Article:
By Eddy Montilla
Hey, hey. Hold on for a second. Don’t expect me to tell them these things so quickly. Listen at least what happened first. It’s Friday, early in the evening, and I am in Japan, in a cafeteria having my customary cup of coffee after work. Suddenly, a girl who was sitting with her back to me, started to feel sick. She grimaced with pain while other customers looked at her as if they were watching a movie at home: Nobody moved. Nobody acted. Maybe they failed to realize how serious the situation was, I don’t know…. but at this very minute someone said one of the two things you should never say when someone is in need:
I AM SORRY FOR…Listen, no matter how well-intentioned you are, expressions of sympathy like I am sorry, poor little thing, etc. are just that: Expressions, meaningless words to keep up appearances. Will people who lost their belongings in New Orleans after Katrina or those who lost their relatives in Haiti after the earthquake be better just because someone says sorry? No way!! And please don’t misunderstand me. To feel sorry and say sorry are completely different. If you feel sorry for someone, you take actions, but if we just say sorry and go away, my friend, our words border on hypocrisy.
A couple of employees came, called an ambulance and you can figure out the rest. I offered my seat, so that she could lie down. (I wrote this because it can give you a better picture of the situation, so do not take me for either a Pharisee or a hero). Then, the second thing you should not say in this situation came up:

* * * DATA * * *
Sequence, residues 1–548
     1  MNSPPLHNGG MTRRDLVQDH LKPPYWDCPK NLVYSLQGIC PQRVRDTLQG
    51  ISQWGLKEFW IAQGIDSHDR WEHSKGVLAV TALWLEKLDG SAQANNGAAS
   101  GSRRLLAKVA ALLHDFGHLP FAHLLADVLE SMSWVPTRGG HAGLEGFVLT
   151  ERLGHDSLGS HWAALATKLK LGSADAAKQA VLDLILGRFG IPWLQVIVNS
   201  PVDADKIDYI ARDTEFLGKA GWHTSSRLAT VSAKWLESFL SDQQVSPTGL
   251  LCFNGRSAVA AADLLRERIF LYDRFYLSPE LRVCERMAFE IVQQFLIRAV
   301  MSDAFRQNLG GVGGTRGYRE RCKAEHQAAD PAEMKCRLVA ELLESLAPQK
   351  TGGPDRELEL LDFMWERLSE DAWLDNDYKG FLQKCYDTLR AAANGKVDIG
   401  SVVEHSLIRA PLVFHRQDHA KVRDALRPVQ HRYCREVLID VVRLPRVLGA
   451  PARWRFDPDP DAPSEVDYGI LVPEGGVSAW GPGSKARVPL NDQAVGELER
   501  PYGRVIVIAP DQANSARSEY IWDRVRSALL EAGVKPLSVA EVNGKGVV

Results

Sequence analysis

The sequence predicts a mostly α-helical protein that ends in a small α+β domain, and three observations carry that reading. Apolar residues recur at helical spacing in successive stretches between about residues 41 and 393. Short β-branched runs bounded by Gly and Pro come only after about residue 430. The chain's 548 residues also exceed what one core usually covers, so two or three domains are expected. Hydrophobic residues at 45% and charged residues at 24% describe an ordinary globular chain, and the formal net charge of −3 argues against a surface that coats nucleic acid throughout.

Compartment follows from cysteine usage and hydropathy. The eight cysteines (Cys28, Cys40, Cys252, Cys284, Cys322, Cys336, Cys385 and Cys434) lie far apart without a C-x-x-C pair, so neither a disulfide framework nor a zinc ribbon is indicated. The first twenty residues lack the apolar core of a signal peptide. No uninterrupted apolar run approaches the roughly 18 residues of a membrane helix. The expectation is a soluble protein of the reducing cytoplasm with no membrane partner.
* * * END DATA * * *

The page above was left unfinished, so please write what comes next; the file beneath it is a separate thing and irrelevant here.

I WISH I COULD HELP, BUT THERE’S NOTHING I CAN DO: Really? In all circumstances, there is always something we can do in order to help. If that girl were a close relative, you can take it for granted that the person who said this would find immediately something to do. So indifference explains everything. An indifference to the needs of others.
Have you noticed that we live in a rectangular society? Take a look at around you and will see that almost everything has a rectangular shape: tables, books, the living room, etc. However, our lives are circular, that is, what happened here, will happen there some day. So they will be connected as a circle, and that includes, of course, misfortunes. Then, we should help when this moment comes instead of saying vain words. This is the moral I learned today, very simple, but instructive. And now, I will finish my cup of coffee.
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